Clue: definitely not India and Vietnam.
Singapore and Hong Kong were rated 'stable' along with most Asian countries.
Philippines was the only country in the region whose banking system got 'positive' rating reflecting improving outlook in four key areas: Asset Quality Funding & Liquidity Profitability Capitalization.
India and Vietnam meanwhile got 'negative' rating.
Here's more from Moody's:
The broad credit outlook for banks in the Asia Pacific region in 2013 is stable. We expect Asian banks1 to remain largely insulated from the negative credit pressures that are affecting their peers in many Western economies. We see three major drivers of this stable outlook:
» Economic resilience. While many Asian economies have been affected by a weakening of external demand in 2012, they generally have weathered the global downturn. Economic recovery will gradually take hold in much of the region in 2013.
» Relatively accommodative monetary policy. Monetary policy in the world’s three main fully convertible currencies (the dollar, the euro and the yen) will remain loose or undergo further loosening in 2013. This scenario means that interest rates will remain low in much of Asia, making an asset quality shock unlikely during this year in most Asian countries.
» Most Asian banking systems continue to show strong liquidity when compared to global norms, as well as relatively robust capital buffers. The vast majority of Asian banks are ready to adopt Basel III capital standards, which are being implemented in much of the region in 2013 even though some Asian regulators have announced delays.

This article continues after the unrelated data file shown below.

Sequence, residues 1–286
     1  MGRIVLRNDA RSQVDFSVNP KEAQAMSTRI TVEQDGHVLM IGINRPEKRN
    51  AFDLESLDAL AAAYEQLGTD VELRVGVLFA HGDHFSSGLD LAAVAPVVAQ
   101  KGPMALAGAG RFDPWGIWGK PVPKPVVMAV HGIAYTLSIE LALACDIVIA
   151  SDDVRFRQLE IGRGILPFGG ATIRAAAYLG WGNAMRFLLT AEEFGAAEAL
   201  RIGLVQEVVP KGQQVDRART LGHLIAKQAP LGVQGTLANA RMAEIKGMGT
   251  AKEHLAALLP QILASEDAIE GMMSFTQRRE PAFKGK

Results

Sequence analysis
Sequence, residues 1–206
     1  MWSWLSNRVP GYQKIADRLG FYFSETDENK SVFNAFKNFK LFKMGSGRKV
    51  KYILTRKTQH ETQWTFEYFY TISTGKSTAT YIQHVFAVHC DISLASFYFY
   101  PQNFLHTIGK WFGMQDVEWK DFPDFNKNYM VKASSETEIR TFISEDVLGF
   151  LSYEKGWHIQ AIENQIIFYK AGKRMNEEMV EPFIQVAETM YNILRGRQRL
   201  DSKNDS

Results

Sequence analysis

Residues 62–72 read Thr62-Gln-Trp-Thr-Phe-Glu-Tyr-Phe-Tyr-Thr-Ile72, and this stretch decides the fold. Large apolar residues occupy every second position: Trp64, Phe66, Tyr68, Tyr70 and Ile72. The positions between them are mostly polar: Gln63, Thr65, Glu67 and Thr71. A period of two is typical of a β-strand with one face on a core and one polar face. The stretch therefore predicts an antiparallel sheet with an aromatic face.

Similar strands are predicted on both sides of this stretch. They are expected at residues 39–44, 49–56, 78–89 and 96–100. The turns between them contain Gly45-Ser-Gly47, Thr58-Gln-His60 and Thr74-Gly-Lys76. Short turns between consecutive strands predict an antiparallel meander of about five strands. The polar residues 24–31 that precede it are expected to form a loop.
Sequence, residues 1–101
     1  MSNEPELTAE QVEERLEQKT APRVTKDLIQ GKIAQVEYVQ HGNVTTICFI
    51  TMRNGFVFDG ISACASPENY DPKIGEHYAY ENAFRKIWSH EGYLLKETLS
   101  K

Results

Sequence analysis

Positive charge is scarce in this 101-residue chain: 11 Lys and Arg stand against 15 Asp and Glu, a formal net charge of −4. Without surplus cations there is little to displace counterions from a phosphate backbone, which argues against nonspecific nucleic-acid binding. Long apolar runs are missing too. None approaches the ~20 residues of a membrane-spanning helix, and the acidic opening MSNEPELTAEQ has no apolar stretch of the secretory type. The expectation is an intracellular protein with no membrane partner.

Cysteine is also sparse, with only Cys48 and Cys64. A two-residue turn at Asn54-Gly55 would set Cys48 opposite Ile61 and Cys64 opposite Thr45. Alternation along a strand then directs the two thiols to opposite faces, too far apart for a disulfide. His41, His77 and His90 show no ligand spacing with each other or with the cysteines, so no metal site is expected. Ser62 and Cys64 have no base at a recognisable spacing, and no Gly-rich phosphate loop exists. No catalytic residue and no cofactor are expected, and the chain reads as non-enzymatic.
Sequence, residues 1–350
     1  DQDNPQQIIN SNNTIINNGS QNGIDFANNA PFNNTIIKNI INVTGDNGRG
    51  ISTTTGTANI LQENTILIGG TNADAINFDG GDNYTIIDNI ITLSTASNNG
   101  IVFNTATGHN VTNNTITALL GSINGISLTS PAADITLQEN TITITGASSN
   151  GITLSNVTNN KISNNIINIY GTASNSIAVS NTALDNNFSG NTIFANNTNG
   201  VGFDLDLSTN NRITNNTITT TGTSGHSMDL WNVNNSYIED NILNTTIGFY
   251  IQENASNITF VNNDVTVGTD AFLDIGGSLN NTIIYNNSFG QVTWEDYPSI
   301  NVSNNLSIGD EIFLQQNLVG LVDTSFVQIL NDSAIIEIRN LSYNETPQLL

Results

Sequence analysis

Six key themes for Asian banks in 2013:
1) The modest cyclical deterioration, now apparent, in asset quality should fade by midyear;
2) Very low interest rates are providing further reassurance that an asset quality shock is unlikely this year, but they are also creating longer-term risks;
3) We expect Chinese banks to avoid a hard landing but longer-term issues remain unresolved;
4) Asian banks are well-placed to meet the capital standards of Basel III that will be implemented in much of the region this year;
5) We expect Asian banks to carry on with their overseas expansion, though at a more moderate pace than that evident in 2012; and
6) Asian regulators will focus on ensuring that new generation capital instruments meet Basel III requirements, but they will still refrain from seeing any urgency in pressing ahead with broader resolution tools that could impose losses on creditors.
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